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New Corvette Z06 Is The Bomb

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Mike Krumrei is an accomplished writer, former journalist and participation trophy recipient. Despite not driving a vehicle for several years, his theoretical knowledge of the practice allows for a more fluid discussion of the finer points of almost any vehicle including cup holders and vanity mirrors. During his brief driving career, the first car he was in that started on fire was a 1990 Ford Taurus.

Everyone around the world has flipped their calendars to 2015. Nobody wanted the year to be over faster than General Motors who basically had to recall every vehicle under their manufacturing umbrella built since 1972. The 2015 model-year was going to be a new start for the Detroit-based automaker. All of their cars were going to avoid killing customers in new and interesting ways and be outfitted with wifi, to boot. However, there is a story circulating the internet, which started on Corvette Forum about an exploding 2015 Chevy Corvette Z06. To GM and Chevy’s credit, this seems like a very isolated incident.

The story goes that a new owner was going the through the process of breaking in the engine of his brand new 2015 Corvette Z06 before he was to take place in some kind of track day event. The owner of the affected car, known only by his Corvette Forum handle as “lawdogg149”, is quoted on several other blogs following the heartbreak as saying,

“While making a pull from 35 mph, I accelerated and shifted short of redline, and boom — the car began knocking. I pulled over and popped the hood. I could hear a loud knock coming from the No. 6 cylinder area along with a serious, grinding, metal-on-metal sound coming from the supercharger area.”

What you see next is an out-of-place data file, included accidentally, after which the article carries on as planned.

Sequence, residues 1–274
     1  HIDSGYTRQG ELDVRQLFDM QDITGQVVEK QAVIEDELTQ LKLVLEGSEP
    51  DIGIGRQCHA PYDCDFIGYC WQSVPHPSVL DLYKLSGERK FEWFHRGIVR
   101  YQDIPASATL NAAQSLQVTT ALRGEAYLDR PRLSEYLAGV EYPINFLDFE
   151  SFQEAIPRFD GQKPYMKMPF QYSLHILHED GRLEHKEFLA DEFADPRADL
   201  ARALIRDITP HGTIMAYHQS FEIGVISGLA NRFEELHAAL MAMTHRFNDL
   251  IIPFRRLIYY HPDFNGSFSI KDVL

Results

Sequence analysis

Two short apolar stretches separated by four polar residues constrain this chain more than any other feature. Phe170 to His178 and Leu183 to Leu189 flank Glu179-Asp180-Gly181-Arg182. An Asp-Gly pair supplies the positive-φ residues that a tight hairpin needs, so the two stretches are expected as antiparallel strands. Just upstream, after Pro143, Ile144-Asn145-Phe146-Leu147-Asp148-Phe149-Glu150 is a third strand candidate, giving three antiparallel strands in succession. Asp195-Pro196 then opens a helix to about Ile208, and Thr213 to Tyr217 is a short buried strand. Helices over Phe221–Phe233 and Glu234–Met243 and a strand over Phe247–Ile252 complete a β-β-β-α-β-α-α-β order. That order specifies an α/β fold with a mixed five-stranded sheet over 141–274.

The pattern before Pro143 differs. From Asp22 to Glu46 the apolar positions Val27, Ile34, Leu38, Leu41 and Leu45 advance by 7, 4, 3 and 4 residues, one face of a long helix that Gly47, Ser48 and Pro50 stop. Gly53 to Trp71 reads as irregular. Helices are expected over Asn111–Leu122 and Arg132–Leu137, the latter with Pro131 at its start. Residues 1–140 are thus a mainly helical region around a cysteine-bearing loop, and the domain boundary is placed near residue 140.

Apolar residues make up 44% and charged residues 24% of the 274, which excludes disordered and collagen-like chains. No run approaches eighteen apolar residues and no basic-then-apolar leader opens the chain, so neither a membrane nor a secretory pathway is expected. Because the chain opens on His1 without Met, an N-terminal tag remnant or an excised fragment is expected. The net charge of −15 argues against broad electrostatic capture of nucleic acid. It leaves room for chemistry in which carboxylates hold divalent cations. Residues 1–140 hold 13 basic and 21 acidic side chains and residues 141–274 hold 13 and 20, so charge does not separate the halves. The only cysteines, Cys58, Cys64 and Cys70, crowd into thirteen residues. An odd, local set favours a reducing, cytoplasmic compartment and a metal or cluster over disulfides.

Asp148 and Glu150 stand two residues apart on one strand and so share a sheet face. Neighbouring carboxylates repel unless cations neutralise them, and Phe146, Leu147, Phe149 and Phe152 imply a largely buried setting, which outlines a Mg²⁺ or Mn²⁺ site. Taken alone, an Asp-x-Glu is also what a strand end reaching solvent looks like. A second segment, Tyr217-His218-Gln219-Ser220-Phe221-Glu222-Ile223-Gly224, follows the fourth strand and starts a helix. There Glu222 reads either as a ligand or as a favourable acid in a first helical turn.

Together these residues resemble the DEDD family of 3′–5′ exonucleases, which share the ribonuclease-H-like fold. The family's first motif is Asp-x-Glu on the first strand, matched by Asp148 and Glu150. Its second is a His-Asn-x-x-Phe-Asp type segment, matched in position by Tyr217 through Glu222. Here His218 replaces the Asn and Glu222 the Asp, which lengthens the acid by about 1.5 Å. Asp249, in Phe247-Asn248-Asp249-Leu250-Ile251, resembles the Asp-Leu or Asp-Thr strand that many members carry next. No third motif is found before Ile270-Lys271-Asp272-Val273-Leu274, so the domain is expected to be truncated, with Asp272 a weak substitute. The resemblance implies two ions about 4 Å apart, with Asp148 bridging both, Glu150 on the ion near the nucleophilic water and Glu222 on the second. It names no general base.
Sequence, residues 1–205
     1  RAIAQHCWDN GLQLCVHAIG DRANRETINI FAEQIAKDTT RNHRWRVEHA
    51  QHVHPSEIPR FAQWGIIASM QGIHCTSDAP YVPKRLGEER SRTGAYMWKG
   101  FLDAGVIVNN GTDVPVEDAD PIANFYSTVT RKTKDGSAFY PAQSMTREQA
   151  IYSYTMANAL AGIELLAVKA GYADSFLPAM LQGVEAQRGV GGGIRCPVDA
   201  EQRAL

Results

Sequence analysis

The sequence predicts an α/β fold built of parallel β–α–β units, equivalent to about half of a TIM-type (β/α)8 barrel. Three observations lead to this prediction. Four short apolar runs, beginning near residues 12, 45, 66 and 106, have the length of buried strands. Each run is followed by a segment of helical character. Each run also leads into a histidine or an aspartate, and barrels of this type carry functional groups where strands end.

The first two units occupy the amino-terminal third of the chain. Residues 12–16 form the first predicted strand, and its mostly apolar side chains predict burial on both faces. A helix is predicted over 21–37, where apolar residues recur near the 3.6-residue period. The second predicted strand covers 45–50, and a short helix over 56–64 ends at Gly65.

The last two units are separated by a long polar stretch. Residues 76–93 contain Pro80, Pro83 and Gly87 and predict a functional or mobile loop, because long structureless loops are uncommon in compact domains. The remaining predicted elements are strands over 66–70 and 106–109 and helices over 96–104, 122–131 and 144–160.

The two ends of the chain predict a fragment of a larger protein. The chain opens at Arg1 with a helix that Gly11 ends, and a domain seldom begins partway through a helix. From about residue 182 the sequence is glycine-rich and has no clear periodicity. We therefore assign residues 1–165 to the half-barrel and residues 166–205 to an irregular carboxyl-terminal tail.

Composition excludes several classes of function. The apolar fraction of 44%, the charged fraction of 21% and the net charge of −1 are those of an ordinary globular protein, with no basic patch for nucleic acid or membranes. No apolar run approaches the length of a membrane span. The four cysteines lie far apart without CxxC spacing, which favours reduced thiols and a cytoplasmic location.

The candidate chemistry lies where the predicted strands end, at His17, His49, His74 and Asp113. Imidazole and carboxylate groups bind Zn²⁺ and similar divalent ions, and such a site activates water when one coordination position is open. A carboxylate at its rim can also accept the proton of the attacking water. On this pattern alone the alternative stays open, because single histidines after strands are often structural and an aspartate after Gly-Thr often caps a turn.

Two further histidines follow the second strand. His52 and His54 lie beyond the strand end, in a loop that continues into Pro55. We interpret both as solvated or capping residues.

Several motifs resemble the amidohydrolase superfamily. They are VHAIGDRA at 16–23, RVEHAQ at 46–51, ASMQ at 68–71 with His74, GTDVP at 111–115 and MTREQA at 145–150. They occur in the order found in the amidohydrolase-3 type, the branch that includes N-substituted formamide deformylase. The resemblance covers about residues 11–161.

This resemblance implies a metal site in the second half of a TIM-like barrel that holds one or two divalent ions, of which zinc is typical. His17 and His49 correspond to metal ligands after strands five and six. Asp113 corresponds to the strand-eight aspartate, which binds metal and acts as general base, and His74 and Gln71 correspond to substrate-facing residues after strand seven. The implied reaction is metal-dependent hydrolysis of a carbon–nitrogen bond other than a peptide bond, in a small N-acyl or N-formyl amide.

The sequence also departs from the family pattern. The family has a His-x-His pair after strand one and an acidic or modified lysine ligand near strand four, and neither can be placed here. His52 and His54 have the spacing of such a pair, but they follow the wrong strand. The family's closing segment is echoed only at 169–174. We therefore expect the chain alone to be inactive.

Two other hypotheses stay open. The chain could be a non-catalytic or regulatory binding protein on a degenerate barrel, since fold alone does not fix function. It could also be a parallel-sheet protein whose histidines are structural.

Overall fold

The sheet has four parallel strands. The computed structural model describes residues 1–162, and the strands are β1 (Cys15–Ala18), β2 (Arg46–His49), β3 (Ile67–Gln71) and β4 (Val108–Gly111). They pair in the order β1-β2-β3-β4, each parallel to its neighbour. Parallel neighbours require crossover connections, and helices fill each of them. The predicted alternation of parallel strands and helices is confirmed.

Autoblog reporter Brandon Turkus quoted some hypotheses from other sources for the reason for the failure as: One, a catastrophic failure in the manufacturing process or, two, lawdogg149 stuck the 650-horsepower vehicle into the wrong gear. The good news is this GM is replacing the engine under warranty, as the motor had less than 900 miles on it. Also, it would stand to reason this blown-up engine is going to pulled apart and examined with every shining piece of CSI equipment available to General Motors. This is saving our would-be hero about $24,000. Either way, whoever is putting in that new engine will have to work quickly to make sure the driver has plenty of time to work out the (non-exploding) kinks before his track day run in a couple of weeks.

Overall, we have to say kudos to General Motors and Chevrolet for doing the right thing and replacing the engine. Between cars that shut themselves down for no reason and the rest of awful surprises the company has seen lately, more bad public relations don’t need to follow.

 

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